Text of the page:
I couldn’t resist drawing my adopted in a style straight out of the Renaissance with a view to painting her the following week in my own studio pencil on watercolour paper. In conclusion, to indulge one of my passions for a whole week was wonderful I remember my days as an art student and lamented the days I had wasted not appreciating the chance my parents had given me, even though I have made up for it since this week brought it all back to me, I was going to make the most of every minute and I did.



in Sydney

Review: “Teenagers Portrait Workshop Term 2” -written by Mike Lamble

Portrait workshop for Teenagers 11

mike lamble henryWritten by Mike Lamble

This was conducted in my two hour class the last three Friday’s of term two.

Week 1

Portrait workshop for Teenagers 02
This shows how I am able to get a likeness using the plaster cast head.
We draw from the inside out not drawing an egg then trying to assemble the features to fit !

Portrait workshop for Teenagers 01
Measuring from the inside out using verticals and horizontals.

Portrait workshop for Teenagers 03

Portrait workshop for Teenagers 04
starting out with a 2D image using verticals and Horizontals.

Week 2

These are a small selection showing what my teenagers were able to achieve after three hours. The last hour working from the plaster cast in preparation for week three.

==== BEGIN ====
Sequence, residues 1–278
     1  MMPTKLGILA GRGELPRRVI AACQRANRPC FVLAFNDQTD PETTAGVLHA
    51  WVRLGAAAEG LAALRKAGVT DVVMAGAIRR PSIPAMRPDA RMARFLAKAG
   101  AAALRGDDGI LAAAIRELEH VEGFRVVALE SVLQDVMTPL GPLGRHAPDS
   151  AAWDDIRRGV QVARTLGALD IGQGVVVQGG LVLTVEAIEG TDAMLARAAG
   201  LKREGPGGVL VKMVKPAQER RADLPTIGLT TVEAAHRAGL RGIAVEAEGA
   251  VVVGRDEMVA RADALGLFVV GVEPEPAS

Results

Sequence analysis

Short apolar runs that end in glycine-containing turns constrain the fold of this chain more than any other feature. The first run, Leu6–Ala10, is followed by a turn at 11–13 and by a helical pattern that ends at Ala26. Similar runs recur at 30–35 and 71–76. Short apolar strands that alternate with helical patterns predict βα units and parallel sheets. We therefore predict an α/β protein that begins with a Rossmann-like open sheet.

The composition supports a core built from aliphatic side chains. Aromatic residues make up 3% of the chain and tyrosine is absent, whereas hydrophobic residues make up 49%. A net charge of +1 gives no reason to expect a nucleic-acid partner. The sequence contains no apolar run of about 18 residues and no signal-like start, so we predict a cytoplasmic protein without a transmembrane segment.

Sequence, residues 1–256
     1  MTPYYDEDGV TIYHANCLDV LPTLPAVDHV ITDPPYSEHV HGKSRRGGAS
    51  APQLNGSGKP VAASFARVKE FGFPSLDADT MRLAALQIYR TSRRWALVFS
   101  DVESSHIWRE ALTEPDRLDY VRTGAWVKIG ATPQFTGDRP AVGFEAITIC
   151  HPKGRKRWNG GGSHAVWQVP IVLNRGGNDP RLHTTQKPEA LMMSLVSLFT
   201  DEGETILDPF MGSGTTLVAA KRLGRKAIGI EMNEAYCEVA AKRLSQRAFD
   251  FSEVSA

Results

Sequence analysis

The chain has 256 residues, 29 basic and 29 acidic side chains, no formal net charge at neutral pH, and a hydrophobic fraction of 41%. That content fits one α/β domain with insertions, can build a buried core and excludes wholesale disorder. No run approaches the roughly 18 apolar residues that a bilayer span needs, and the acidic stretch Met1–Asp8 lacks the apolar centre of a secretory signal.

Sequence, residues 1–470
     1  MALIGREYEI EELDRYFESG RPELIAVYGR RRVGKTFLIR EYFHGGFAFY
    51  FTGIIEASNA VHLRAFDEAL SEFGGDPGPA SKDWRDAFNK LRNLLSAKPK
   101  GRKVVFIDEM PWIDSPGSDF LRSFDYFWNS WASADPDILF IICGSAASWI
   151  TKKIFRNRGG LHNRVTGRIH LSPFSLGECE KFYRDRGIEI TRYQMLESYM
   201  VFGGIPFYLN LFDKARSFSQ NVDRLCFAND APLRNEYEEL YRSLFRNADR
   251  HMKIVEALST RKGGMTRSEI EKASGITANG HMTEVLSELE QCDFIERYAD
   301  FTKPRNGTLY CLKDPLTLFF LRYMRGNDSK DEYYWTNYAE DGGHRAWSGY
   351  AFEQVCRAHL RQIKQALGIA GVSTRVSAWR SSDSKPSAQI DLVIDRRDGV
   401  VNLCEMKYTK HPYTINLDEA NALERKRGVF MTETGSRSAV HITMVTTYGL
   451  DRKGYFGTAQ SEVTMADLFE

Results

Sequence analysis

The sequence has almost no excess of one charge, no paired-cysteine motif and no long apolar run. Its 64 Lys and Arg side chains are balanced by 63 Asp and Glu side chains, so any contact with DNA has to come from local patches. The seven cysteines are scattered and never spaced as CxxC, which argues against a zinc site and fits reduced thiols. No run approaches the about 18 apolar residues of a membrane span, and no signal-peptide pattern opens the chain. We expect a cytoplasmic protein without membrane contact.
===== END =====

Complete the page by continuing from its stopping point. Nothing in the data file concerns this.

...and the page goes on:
Portrait workshop for Teenagers 05

Portrait workshop for Teenagers 06

Portrait workshop for Teenagers 07

Portrait workshop for Teenagers 08

Portrait workshop for Teenagers 09

Portrait workshop for Teenagers 10

Week 3

Portrait workshop for Teenagers 11

Portrait workshop for Teenagers 12
Two hours working from a live model what some of my students were able to achieve after only  6 hours.
I used the same techniques from my adults portrait workshops except I condensed the time from 15 hours into 6 in the full confidence they could do it I was not disappointed.
Portrait workshop for Teenagers 13

Portrait workshop for Teenagers 14

“The reason some portraits don’t look true to life is that some people make no effort resemble their pictures” -Salvador Dali

“My watercolour portrait of Olivia” written by Mike Lamble


The watercolour portrait of Olivia.

mike lamble henryWritten by Mike Lamble

It’s as if she had just stepped out of an oil painting by Botticelli as Olivia disrobed for my life drawing class last term.
Models like Olivia are a rare find indeed, or should I say she found me. We have known each other for over ten years, out of the blue she asked if she could model for the art school.
I have always appreciated her good looks but never thought she would have the classic Renaissance figure ,there were nods and smiles of appreciation from my students as she went through her routine.